Significant news emerged this week of a letter from Rishi Sunak to the Office of Tax Simplification requesting a review of how capital gains are taxed ‘for both individual and smaller businesses’.

Despite being referred to as ‘standard practice’, concern is growing that the exercise may usher in radical changes as the government seeks to recover a £300 billion shortfall in public expenditure caused by the coronavirus crisis.

Capital Gains Tax (CGT) is a tax on the profit when you sell something that has increased in value. The only element that is taxed is the gain.  It usually applies to gains made on shares and property, but is also applied to items as diverse as works of art.

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The chancellor appears to have three options:  reduce the allowances, raise the rates levied or levy it on other assets, such as private homes.

The last option is considered unthinkable, especially under a Conservative government. Private Residence Relief currently means that nobody pays CGT if they sell their home for more than they bought it.  The thought of losing a significant proportion of the proceeds from moving home would likely stifle the housing market. It is particularly unthinkable given the stamp duty holiday introduced in the recent Summer Economic Update.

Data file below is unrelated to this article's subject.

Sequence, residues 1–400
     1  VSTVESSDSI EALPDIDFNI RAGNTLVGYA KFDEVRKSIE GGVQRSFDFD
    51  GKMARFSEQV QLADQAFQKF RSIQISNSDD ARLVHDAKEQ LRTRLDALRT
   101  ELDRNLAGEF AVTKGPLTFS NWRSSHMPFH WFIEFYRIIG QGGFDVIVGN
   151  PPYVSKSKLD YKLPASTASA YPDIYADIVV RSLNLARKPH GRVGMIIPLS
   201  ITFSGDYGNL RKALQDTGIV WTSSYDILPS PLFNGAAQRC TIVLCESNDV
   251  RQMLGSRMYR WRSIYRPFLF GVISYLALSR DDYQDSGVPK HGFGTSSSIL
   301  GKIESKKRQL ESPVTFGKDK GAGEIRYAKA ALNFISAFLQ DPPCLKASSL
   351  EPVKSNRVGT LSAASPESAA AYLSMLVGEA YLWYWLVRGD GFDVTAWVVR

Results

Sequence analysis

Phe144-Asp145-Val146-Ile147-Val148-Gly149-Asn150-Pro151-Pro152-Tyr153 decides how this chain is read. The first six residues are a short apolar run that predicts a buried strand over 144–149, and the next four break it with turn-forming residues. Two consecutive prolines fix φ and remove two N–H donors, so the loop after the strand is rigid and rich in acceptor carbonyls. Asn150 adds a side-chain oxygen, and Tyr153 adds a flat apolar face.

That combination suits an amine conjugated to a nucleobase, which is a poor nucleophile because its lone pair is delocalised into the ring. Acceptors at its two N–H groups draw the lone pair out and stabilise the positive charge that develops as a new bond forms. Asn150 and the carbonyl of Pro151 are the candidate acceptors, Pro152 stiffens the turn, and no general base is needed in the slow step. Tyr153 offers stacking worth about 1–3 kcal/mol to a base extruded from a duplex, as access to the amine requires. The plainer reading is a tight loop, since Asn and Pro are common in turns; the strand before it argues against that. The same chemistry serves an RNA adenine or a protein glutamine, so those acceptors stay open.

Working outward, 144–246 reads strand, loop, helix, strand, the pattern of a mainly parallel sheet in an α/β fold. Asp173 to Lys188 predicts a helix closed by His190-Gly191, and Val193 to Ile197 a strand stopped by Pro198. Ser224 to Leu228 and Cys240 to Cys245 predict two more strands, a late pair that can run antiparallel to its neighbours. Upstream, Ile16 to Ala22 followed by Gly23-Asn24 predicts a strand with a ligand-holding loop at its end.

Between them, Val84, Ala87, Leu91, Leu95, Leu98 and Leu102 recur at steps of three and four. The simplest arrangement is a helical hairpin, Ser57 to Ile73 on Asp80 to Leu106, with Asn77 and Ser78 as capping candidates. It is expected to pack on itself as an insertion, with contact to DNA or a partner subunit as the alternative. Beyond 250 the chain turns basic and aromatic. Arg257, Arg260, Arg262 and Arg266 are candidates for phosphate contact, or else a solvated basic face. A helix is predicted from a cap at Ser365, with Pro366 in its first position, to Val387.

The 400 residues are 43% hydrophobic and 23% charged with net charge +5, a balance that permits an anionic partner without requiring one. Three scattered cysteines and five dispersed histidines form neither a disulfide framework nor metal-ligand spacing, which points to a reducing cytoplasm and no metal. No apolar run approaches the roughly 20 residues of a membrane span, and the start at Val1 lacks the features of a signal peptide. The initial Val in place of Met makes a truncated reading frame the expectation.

An increase in the main rate of CGT from 20%, which some already consider to be too low, would appear more likely.

Could the chancellor seek to increase the level to ensure parity with income tax rates of up to 45%? Experts described the review as bad news for investors, who may face an increase in tax on their investments.

The review also brings into the political debate the issue of a wealth tax which, whilst distasteful to the Conservative Party and its support base, is beginning to gain traction in wider circles.

Whatever happens, Rishi Sunak has shown himself capable of thinking outside of the box. Thinking back to the March Budget, many predicted that Sunak would abolish Entrepreneurs’ Relief outright. Instead, a creative compromise was reached in which the relief remained, subject to reform.

Whatever happens, the chancellor’s actions show that the first shots have been fired in the race to refill the public coffers in the post-Covid world. It is inevitable that taxpayers across the spectrum will feel the pain along the way.